‘Catastrophic for the Family’: Fired Wisconsin Teacher Suspected of Grooming 7th-Grade Girl for Sex

Twenty nine-year-old Christian Enwright, a Wisconsin man, is accused of trying to groom a
Kenosha County District Attorney's Office

A Wisconsin man is accused of trying to groom a seventh-grade student for sex via Snapchat messages when he was a teacher in Kenosha.

Twenty nine-year-old Christian Enwright was previously a science teacher at KTEC Middle School, WISN reported on Wednesday, adding that officials ordered that he be held on $5,000 cash bail:

The man has been charged with 22 counts of misdemeanor disorderly conduct in the case. He was suspended in February when the allegations were levied against him and recently fired from his job.

The WISN article said “police found Snapchat messages on the girl’s phone that included Enwright shirtless in bed, complimenting her body and appearance. Police say Enwright defended himself, saying he was just trying to ‘make her feel better about herself.'”

Although prosecutors said law enforcement did not uncover anything “overtly sexual” in the texts between the two, they argued he was attempting to move in that direction.

Three images show the ex-teacher:

As Enwright was walking into court on Wednesday, reporter Jenna Rae asked him if he had anything to say and commented to him that he had messaged her team saying he wanted to tell them the “real story.”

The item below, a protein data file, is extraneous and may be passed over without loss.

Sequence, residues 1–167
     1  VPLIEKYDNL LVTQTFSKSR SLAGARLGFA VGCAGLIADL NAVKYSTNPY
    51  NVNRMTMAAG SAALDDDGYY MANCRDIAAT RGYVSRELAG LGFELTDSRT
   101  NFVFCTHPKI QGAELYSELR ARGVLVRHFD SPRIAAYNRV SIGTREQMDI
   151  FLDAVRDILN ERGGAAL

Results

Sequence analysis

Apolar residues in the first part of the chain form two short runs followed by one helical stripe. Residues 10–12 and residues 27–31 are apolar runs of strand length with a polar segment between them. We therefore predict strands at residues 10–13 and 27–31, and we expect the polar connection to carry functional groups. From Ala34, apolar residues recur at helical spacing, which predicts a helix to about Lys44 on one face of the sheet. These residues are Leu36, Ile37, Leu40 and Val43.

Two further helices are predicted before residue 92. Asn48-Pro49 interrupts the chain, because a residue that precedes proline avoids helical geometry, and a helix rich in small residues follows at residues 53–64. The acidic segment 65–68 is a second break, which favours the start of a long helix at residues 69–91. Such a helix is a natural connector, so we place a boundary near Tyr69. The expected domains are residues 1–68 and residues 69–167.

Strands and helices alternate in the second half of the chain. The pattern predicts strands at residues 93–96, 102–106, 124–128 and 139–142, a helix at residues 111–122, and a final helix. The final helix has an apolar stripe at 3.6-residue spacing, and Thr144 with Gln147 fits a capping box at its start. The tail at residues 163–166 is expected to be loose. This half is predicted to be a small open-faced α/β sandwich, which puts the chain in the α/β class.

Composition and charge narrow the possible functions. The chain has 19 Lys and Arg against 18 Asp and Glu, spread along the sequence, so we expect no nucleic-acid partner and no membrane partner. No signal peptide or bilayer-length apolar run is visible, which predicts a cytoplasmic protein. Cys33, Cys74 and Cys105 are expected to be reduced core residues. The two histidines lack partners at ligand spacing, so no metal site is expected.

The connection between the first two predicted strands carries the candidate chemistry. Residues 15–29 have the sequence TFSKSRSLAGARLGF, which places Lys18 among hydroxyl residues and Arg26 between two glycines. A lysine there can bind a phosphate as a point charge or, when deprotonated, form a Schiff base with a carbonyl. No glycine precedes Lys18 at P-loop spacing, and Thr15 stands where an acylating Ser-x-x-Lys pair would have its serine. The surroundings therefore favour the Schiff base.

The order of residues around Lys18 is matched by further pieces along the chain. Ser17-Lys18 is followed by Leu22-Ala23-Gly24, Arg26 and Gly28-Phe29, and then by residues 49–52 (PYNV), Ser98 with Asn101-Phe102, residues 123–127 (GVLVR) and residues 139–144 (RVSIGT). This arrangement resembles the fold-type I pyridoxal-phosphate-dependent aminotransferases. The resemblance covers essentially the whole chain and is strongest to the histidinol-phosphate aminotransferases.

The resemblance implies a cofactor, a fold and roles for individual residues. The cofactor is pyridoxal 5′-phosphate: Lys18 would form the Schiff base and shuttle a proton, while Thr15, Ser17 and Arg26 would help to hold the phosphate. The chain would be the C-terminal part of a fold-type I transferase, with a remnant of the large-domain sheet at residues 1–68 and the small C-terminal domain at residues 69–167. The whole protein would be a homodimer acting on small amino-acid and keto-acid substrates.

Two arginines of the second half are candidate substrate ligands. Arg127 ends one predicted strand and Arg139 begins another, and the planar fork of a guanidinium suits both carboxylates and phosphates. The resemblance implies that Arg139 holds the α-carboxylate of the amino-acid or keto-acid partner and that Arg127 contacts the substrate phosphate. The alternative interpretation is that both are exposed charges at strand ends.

Enwright did not reply to her inquiries:

The child in the case has reportedly claimed that Enwright would compliment her body and focused on her legs when she wore shorts.

The family plans to sue, an attorney for the girl’s relatives explained.

Attorney Michael Karp said, “This is catastrophic for the family. It’s catastrophic for their child. This is not going to go away quickly, and it’s something that’s going to sit with her for the rest of her life. So, accountability is very important in a case like this.”

According to the Rape, Abuse, and Incest National Network’s (RAINN) website, grooming is a tool sexual abusers often use on children.

“Grooming can take place online or in-person. It’s usually employed by a family member or someone else in the victim’s circle of trust, such as a coach, teacher, youth group leader or others who naturally have some interaction with the victim,” the organization said.


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